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Transcranial Doppler: Does Addition of Blood to Agitated Saline Affect Sensitivity for Detecting Cardiac Right-to-Left Shunt?

  • Author(s): Mojadidi, Mohammad Khalid
  • Zhang, Lili
  • Chugh, Yashasvi
  • Eshtehardi, Parham
  • Hovnanians, Ninel
  • Gevorgyan, Rubine
  • Mojaddedi, Sanaullah
  • Nezami, Nariman
  • Zaman, Muhammad Omer
  • Rafique, Asim
  • Villablanca, Pedro A
  • Tobis, Jonathan M
  • et al.
Abstract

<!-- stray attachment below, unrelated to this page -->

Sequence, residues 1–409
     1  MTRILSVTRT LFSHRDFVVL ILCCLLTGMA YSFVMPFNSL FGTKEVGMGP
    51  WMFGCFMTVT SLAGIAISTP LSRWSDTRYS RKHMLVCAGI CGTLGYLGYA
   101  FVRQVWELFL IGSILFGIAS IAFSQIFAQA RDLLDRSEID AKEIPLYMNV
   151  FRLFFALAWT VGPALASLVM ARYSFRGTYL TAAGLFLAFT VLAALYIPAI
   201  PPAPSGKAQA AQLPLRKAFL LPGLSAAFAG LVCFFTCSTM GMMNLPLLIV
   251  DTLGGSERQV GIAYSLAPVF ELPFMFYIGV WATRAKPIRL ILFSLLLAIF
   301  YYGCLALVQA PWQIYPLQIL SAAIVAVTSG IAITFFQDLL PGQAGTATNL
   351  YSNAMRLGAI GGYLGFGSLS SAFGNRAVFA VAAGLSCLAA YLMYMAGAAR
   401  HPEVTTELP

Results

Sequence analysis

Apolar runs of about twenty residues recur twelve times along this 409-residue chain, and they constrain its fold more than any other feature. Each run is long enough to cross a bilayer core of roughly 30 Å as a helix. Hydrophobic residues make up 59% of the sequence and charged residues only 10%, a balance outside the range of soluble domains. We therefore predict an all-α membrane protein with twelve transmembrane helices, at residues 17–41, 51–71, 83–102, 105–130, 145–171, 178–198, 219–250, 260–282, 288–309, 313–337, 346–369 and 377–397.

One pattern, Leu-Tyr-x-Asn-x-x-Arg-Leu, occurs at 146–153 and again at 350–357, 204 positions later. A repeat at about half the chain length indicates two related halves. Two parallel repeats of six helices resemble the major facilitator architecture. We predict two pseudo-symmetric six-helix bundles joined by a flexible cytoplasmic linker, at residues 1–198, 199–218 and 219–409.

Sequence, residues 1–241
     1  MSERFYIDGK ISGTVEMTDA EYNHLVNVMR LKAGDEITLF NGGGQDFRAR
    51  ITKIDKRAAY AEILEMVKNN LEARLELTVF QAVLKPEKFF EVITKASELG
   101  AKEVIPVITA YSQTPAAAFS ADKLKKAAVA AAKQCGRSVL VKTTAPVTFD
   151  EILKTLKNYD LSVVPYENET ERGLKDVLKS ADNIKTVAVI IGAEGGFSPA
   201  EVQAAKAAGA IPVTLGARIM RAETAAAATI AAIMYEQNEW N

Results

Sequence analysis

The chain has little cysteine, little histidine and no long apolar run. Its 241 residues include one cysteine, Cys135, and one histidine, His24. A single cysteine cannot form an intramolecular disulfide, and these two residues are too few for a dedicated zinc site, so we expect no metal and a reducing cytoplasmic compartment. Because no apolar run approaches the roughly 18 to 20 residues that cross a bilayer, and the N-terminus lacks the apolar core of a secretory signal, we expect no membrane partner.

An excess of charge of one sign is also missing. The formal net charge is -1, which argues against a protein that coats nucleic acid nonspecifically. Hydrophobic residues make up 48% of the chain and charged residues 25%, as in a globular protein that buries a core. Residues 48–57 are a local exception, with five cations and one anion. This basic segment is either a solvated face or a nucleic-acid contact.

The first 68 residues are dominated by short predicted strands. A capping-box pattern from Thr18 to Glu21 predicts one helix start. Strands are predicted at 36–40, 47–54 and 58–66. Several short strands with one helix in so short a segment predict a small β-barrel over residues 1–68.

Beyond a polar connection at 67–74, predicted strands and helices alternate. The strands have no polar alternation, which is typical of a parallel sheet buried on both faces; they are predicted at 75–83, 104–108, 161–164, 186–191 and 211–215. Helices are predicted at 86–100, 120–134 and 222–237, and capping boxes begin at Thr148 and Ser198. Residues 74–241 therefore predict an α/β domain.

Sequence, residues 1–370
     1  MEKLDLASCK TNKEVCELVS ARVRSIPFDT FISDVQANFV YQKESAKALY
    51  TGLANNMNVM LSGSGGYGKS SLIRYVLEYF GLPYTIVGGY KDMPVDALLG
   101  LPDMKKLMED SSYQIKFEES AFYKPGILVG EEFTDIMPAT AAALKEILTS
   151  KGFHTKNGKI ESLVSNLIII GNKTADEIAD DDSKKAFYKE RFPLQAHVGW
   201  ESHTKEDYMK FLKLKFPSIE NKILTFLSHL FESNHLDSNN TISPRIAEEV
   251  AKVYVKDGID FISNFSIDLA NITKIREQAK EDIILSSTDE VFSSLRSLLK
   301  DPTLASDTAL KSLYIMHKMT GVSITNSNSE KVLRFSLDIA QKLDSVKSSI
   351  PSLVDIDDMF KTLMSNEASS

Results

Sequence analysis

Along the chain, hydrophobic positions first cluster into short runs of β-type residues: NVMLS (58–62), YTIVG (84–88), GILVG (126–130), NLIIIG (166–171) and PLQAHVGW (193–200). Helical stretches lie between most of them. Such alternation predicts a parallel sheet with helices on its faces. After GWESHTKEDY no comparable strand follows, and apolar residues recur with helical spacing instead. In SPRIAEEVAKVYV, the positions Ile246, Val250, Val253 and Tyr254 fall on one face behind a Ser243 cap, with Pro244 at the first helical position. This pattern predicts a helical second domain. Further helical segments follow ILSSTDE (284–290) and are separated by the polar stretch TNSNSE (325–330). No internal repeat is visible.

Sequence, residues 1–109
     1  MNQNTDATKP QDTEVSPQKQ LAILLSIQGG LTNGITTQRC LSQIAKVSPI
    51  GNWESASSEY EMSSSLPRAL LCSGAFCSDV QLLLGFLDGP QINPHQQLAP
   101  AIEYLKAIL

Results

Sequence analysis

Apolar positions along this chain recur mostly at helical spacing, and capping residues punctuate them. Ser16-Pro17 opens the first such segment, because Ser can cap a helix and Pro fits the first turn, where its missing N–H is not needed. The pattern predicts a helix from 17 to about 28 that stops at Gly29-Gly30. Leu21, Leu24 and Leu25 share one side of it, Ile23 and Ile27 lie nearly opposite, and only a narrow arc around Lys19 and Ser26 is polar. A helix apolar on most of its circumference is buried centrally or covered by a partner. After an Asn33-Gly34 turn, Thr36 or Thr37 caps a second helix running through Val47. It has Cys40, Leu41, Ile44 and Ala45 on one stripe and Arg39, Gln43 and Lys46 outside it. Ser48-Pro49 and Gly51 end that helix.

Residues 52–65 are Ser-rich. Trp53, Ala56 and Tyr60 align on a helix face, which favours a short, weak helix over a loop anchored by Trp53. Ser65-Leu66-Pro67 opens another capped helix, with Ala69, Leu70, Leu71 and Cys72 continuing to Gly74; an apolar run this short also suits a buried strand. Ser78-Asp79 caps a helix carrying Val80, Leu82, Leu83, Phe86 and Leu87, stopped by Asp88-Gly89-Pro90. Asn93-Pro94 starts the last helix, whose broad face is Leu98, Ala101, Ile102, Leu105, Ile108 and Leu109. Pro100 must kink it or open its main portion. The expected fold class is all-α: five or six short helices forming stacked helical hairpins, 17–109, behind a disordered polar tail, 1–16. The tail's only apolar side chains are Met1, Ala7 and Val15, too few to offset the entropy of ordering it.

Transcranial Doppler (TCD) with agitated saline has been shown to be an alternative for the detection of right-to-left shunts (RLS) with similar diagnostic accuracies as transesophageal echocardiography (TEE). It is hypothesized that the addition of blood to agitated saline increases the sensitivity of TCD for the detection of RLS. The aim of this meta-analysis was to determine whether agitated saline with blood increases the sensitivity of TCD for the detection of RLS compared to agitated saline alone and other contrast agents.A systematic review of Medline, Cochrane, and Embase was performed to look for all prospective studies assessing intracardiac RLS using TCD compared with TEE as the reference; both tests were performed with a contrast agent and a maneuver to provoke RLS in all studies.A total of 27 studies (29 comparisons) with 1,968 patients met the inclusion criteria. Of 29 comparisons, 10 (35%) used echovist contrast during TCD, 4 (14%) used a gelatin-based solution, 12 (41%) used agitated saline, and 3 (10%) utilized 2 different contrast agents. The addition of blood to agitated saline improved the sensitivity of TCD to 100% compared to agitated saline alone (96% sensitivity, P = 0.161), echovist (94% sensitivity, P = 0.044), and gelatin-based solutions (93% sensitivity, P = 0.041).The addition of blood to agitated saline improves the sensitivity of TCD for the detection of RLS to 100% when compared to other conventional contrast agents; these findings support the addition of blood to agitated saline during TCD bubble studies.

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